In the late 80s, Nissan went crazy on concept cars, almost all of which never went into production, like the Mid4 supercar. But another concept that made a favourable splash was the Saurus.
Unveiled at the 1987 Tokyo Motor Show, the Saurus was a pretty fanciful concept. Powered by a mid-mounted 1.0 supercharged and turbocharged engine (which later appeared in the Micra Super Turbo) it promised lots of lightweight sporting fun, and its two toned, roofless buggylike styling touched a nerve at the time (when JDM cars were nothing if not conservative).
What made the concept even more fanciful (apart from the twincharged engine, which nobody would have thought credible had Nissan not actually put it into production 2yrs later) was that the Saurus was a part of a “Twincar” concept that Nissan was peddling that year. The idea was that rather than sell individual cars that tried to cater for every need (and hence ended up conservative, compromised and bland), Nissan would sell cars in pairs.
The Saurus was paired up with the Jura (above), a Honda Odyssey-like people mover, the idea being that between the two vehicles you would have the very best of both worlds. A fanciful notion indeed, especially in Japan where most people have scant space for even one car. But pushing the boundaries are what concept cars are for, and the Saurus gained quite a few flattering magazine articles sighing that it would probably never go into production, and within a short time it was forgotten, like all concept cars.
In truth, while the Micra Super Turbo engine was eventually put into production, the Saurus show car was really nothing more than a mockup, a non runner, with very low expectations of it actually making into production. It didn’t stop enthusiasts from marvelling at the performance potential of the Saurus however: with about half the mass of a Micra Super Turbo, at the projected 400kg weight, a production Saurus would have had a stunning turn of speed.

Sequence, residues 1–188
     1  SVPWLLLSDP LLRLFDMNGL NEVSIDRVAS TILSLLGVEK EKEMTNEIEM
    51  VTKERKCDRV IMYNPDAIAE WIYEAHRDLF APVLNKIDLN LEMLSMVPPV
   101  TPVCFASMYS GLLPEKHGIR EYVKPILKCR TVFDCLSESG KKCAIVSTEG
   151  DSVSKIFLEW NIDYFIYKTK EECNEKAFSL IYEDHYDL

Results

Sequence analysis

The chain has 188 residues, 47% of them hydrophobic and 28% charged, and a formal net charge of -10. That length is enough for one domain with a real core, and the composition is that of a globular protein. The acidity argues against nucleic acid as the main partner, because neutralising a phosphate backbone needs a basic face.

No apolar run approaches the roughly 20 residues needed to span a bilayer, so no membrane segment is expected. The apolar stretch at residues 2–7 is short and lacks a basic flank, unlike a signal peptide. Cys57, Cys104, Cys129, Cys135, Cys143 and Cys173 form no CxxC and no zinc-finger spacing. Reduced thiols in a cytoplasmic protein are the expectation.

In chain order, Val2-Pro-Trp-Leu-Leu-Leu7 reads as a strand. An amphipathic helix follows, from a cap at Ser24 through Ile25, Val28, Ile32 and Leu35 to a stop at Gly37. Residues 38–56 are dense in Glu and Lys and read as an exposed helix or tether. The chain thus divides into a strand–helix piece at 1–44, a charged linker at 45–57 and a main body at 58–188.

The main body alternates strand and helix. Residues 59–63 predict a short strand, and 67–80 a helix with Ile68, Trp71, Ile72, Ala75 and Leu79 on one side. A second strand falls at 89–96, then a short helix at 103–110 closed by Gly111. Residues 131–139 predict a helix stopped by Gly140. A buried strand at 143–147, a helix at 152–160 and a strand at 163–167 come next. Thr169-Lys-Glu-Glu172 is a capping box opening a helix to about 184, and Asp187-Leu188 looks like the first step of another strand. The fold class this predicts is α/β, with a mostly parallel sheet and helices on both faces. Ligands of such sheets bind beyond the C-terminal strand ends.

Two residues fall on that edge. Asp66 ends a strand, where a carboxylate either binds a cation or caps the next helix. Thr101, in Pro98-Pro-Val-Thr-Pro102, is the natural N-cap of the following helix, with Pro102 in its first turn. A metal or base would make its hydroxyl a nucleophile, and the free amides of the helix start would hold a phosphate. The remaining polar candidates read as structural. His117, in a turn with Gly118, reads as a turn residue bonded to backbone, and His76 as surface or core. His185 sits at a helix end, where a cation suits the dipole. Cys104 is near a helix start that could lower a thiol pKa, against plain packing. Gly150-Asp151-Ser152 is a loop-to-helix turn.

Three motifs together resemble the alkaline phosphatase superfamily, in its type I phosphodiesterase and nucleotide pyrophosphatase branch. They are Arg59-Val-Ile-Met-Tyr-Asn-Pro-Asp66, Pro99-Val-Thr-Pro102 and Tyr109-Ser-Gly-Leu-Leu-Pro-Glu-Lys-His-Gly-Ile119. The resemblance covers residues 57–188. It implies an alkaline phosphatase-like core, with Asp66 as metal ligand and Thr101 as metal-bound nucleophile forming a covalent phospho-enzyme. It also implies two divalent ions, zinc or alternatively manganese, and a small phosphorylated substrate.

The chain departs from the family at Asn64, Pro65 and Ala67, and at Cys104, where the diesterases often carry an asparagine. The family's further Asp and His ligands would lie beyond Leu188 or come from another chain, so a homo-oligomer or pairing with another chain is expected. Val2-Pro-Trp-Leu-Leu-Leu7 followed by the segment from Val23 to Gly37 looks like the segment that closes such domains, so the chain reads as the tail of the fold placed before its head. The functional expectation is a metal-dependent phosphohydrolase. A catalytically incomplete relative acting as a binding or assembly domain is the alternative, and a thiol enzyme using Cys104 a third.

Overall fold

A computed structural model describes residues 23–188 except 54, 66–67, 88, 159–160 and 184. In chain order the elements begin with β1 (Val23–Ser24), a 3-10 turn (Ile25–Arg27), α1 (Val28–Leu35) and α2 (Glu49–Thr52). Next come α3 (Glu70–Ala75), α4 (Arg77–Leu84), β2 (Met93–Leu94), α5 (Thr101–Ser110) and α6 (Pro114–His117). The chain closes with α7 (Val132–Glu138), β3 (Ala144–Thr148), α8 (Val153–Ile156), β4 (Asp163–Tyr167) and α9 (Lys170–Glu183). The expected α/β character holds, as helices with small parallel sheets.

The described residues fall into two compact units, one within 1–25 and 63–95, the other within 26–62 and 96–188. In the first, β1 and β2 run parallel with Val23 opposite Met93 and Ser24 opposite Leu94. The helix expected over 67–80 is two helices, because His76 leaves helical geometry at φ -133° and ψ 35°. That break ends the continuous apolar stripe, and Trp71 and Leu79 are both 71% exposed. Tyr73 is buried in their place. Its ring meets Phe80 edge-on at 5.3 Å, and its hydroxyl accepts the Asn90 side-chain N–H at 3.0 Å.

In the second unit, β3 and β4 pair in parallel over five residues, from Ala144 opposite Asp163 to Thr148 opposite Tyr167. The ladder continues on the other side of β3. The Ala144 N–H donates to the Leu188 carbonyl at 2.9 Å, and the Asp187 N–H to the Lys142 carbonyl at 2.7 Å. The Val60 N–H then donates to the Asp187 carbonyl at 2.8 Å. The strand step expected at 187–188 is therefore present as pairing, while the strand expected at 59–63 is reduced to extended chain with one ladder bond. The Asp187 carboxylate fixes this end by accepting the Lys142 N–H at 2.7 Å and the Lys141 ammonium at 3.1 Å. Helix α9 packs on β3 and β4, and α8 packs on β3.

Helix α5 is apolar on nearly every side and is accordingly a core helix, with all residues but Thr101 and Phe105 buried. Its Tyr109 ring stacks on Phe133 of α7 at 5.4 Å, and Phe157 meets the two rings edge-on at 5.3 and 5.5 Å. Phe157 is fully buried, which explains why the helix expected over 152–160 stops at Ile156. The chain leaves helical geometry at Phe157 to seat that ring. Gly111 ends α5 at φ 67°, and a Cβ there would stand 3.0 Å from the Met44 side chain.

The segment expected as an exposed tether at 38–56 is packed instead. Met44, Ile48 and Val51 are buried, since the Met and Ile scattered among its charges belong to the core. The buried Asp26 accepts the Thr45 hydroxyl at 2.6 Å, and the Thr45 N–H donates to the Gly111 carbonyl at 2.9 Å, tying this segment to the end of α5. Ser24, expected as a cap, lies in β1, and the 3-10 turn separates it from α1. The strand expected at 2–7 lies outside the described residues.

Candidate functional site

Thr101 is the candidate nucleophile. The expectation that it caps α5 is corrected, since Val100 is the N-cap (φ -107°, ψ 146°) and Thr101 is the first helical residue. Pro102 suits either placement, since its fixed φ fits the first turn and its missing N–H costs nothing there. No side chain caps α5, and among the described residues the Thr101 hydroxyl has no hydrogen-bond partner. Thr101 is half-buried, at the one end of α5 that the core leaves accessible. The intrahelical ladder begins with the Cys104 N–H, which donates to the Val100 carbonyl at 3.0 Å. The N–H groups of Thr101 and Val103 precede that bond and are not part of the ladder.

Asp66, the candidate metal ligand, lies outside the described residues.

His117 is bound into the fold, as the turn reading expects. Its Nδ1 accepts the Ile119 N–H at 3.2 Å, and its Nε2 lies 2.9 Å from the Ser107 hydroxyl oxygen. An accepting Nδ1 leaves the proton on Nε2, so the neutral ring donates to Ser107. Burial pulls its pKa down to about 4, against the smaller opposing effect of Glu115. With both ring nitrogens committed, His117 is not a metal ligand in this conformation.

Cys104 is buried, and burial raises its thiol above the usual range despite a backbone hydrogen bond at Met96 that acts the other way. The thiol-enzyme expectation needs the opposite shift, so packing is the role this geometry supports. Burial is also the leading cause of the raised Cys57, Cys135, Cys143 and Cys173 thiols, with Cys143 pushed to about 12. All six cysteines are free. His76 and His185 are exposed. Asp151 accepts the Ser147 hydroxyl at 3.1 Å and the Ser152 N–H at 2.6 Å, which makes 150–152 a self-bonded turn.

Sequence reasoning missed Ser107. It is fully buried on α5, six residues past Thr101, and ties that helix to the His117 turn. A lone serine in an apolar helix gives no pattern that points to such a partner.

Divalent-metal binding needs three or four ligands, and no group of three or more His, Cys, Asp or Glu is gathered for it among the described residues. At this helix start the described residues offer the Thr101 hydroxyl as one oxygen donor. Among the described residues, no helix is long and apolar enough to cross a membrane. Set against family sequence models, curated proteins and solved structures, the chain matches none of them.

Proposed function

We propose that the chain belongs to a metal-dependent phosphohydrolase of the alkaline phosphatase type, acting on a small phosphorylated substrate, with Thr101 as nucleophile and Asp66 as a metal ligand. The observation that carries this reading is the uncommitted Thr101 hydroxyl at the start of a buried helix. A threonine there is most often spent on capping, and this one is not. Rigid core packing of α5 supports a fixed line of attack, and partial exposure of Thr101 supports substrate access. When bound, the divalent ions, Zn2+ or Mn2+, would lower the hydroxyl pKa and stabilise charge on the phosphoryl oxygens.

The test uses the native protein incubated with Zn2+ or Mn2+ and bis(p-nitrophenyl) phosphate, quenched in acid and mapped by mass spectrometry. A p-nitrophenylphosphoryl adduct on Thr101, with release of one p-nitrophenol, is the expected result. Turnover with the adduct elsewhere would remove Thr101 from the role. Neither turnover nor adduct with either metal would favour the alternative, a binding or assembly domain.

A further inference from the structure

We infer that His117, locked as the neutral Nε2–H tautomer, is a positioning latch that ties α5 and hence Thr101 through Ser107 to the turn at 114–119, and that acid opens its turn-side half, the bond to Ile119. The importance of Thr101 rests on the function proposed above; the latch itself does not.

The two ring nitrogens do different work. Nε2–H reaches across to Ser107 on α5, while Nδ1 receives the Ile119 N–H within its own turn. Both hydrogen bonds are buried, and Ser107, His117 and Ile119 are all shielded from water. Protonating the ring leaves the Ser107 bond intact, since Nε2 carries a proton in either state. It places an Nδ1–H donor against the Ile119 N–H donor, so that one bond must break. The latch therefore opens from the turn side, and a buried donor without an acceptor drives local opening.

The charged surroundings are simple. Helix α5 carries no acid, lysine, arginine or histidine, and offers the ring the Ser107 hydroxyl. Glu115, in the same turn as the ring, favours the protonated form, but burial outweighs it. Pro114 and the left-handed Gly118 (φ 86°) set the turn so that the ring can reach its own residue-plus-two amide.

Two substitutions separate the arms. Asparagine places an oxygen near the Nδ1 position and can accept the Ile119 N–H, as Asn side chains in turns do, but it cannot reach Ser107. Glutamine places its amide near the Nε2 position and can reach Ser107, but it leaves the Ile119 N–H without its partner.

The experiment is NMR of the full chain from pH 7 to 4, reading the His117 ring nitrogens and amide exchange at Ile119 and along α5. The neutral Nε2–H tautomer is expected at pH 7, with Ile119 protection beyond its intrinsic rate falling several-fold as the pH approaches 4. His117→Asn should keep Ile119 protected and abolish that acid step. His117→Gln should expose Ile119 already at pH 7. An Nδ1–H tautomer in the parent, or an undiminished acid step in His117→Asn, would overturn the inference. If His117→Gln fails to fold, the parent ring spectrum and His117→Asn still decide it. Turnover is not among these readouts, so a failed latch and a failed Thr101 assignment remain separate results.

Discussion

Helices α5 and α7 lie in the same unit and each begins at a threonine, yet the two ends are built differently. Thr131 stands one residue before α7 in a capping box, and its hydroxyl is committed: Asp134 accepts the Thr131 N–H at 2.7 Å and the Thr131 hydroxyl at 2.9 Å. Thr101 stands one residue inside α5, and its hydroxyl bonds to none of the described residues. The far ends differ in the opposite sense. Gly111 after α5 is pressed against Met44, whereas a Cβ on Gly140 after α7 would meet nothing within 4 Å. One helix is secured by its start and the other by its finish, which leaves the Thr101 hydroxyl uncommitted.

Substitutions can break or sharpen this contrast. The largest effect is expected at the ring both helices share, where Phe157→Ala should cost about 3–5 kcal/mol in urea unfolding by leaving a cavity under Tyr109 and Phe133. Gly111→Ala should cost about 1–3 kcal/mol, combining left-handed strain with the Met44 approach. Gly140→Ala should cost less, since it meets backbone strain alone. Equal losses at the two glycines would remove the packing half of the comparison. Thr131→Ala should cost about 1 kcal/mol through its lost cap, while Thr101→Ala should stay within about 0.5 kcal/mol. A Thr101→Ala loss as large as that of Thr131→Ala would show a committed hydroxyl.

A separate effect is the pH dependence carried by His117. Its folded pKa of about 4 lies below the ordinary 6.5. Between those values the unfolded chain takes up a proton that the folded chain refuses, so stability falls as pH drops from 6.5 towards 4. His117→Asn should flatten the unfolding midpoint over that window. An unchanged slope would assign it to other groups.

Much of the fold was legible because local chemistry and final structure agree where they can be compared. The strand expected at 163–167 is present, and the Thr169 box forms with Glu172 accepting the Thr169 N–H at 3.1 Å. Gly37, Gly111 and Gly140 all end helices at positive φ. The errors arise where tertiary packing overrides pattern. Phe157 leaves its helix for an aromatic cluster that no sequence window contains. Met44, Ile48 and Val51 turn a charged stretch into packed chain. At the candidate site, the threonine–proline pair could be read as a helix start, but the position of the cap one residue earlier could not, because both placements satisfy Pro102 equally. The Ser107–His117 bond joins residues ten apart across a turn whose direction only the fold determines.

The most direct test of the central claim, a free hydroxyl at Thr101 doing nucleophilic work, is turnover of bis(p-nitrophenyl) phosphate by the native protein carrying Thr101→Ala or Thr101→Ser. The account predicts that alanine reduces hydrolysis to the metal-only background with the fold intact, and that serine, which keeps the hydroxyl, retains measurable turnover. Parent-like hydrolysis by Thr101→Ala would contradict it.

Then in 1989 something strange happened. Nismo announced a new race series called the Saurus Cup, a one make series of kit-built single seaters. Powered by a tuned CA16 DOHC 16v 130ps motor from the Nissan Sunny/Exa, the racecars featured a sheetmetal tub with double wishbone suspension all round. The CA16 was mounted longitudinally and drove the rear wheels through a Subaru transaxle.
The body was a moulded fibreglass replica of the Saurus concept car, although without the two-tone paintscheme, many of the racecars lost the distinctive look of the show car. The race car would also sit the driver centrally, like a Formula single seater, instead of the two-seat roadster layout of the showcar.
With only 490kg to push along, the Saurus racecars had a great power to weight ratio, and with a sticker price of only Y3mil (for a car eligible for a hotly contested national series) and control tyres and engines keeping costs low, competitors flocked to the series, which enjoyed chock-full fields of close racing from 1989 right through to the early 90s. The winner of the inaugural Saurus Cup race was N Hattori (of Best Motoring fame) who went onto touring cars, Indycar and JGTC later in his career.
Along the way, a Saurus Jr series was announced (NISMO catalog below), with a 70ps SOHC 1.0L Micra engine instead of the CA-series twin cam.
The Saurus race series may have done nothing for enthusiasts yearning for a real lightweight open-topped Nissan sports car, but at least it was one cool concept that didn’t just stay hidden in a museum somewhere.